Authentic Indian Desserts – Too Delicious to Resist

traditional Indian desserts

If you have a sweet tooth, Indian desserts will satiate you fully. It is not just India’s rich cultural tradition and heritage that makes it immensely popular worldwide; it is its diverse cuisines too that is unbeatable when it comes to varieties. Most Indian desserts have milk as a primary ingredient; however, they even contain ingredients ranging from fruits and vegetables to grains and legumes. Every region of India has its own regional mithai (sweet) or a dessert.

Let’s have a look at the list of scrumptious desserts that are way too delicious to miss out on.

1. Gulab Jamun

A milk-solid-based sweet, Gulab Jamun, is possibly the most popular dessert in India. It is sticky, spongy and alluringly irresistible. The spongy balls are made of flour and milk powder or condensed milk. They are fried and then soaked in sweetened syrup. Gulab Jamun is often flavored with cardamom and rose, which justifies its name, meaning “rose berry” in Hindi.

Gulab jamun dessert in Vancouver

 

2. Halwa

Halwa is another prevalent dessert that Indians prefer having after their meals occasionally. The most common in the form is gajar ka halwa (Carrot halwa). It originated in Mughal kitchens, but it is now very popular in north India and usually enjoyed during winters. It is made of grated carrots, milk, and sugar in ghee and now a part of traditional Indian food.

While north Indians savored gajar ka halwa, south India came up with its native Rava Kesari (Kesari halwa), prepared using the same method. Rava (semolina) is roasted in ghee, and then sugar and water are added along with the pinch of Saffron (Kesar), which makes it Rava Kesri.

3. Rice pudding (Kheer and Phirni)

Indian desserts at Sula

Rice puddings in India go by the name of kheer or phirni. Usage of ground rice in recipes gives it a smoother and creamier texture. It is usually flavored with cardamom and Saffron and topped with dried fruits and nuts. The only difference between kheer and phirni is that kheer can be served warm, whereas phirni is always served chilled. The south Indian version of kheer is known as Payasam. Frequently served during festivals, especially during the Onam festival in Kerala’s Onasadhya feast. Try this delicious dessert at Vancouver Indian restaurants and satiate your sweet tooth with one of a kind delicacy.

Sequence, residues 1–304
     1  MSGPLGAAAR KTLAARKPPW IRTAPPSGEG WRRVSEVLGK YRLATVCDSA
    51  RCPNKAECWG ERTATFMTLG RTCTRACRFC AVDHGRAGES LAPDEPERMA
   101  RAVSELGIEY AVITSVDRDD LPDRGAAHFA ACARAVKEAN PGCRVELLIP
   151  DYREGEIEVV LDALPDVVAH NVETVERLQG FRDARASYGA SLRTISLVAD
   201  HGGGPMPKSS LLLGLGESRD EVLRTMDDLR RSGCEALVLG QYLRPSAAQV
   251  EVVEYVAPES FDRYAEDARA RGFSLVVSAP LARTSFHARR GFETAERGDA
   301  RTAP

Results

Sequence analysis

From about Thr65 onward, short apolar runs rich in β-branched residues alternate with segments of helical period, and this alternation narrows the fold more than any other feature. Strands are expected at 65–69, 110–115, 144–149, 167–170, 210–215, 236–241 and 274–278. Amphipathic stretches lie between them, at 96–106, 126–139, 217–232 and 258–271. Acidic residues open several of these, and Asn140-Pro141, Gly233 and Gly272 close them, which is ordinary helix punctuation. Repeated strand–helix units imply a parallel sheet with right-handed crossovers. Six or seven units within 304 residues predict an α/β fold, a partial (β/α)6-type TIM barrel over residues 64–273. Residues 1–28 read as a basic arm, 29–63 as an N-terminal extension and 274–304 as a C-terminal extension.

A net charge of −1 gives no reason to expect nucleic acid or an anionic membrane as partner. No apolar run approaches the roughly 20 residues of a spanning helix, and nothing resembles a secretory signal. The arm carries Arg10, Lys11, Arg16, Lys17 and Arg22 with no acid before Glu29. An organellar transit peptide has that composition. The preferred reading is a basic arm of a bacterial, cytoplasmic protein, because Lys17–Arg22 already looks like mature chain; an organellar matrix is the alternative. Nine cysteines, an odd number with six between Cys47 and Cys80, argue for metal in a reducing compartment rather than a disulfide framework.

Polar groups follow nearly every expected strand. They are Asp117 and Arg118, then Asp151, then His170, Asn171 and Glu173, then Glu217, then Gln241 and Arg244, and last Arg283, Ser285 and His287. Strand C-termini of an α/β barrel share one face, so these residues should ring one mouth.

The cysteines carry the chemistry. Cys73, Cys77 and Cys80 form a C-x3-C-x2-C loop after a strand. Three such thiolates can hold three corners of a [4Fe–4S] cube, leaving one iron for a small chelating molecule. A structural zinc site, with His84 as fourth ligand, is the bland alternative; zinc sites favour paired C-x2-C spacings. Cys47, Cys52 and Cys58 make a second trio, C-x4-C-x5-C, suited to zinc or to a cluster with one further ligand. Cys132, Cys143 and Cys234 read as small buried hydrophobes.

4. Jalebi

Jalebi is an Indian and Arabic sweet snack, which also goes by different names like Zulbia, Jilapi, Mushabak and Zalabia. It is essentially deep-fried coils of dough of refined flour, soaked in saffron sugar syrup. The origin of Jalebi can be traced back to the Middle East, and it is also believed to have been brought by Persian invaders to India. However, India has unequivocally adopted the sweet and is easily found freshly sizzling at street food stalls across the country.

5. Laddoo

Laddoo is a ubiquitous ball-shaped festive sweet that comes in many different varieties. In fact, every region in India has its own specialty of Laddoo. The very popular kind is made from gram/chickpea flour, ground coconut or semolina. Prepared by adding other ingredients like ghee, milk, sugar and dried fruits.

6. Mysore Pak

As the name itself suggests, Mysore Pak originates from the city of Mysore, Karnataka. This decadent, soft, buttery fudge dessert is said to have been invented in the kitchen of royal Mysore Palace. It is prepared from chickpea flour, sugar syrup and a generous amount of ghee.

7. Barfi

Barfi is another renowned Indian fudge dessert; it gets its name from the Persian word meaning “snow.” Barfi comes in many different varieties, out of which Kaju (Cashew) barfi and pista (pistachios) barfi are the most common, and the main ingredient is always milk. The silver foil over the barfis is used as a decoration and is edible.

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8. Rasgulla (Rosogolla)

Rasgullas are balls made from semolina, cottage cheese and sugar syrup. This dessert is widely popular in West Bengal and Odisha, and Odisha even holds a Rosogolla Dibasa festival in July to celebrate the sweet. It tastes soft and creamy and, at times, even rubbery.

9. Soan Papdi

Soan papdi is a light and flaky north Indian dessert that melts in the mouth like cotton candy but has a different texture. It is a must-have sweet during Diwali festival celebrations in India. The sweets’ primary ingredients are a mixture of gram and refined flour, ghee, milk, and sugar syrup. Nuts and cardamoms are optional, usually added to enhance taste and appearance. The sweet is quite tricky to prepare as it requires an intensive process to give it its fluffy texture.

Summary

Satiate your taste buds by indulging in these exotic Indian desserts. Find them around you in any restaurant serving Indian cuisine in Vancouver.

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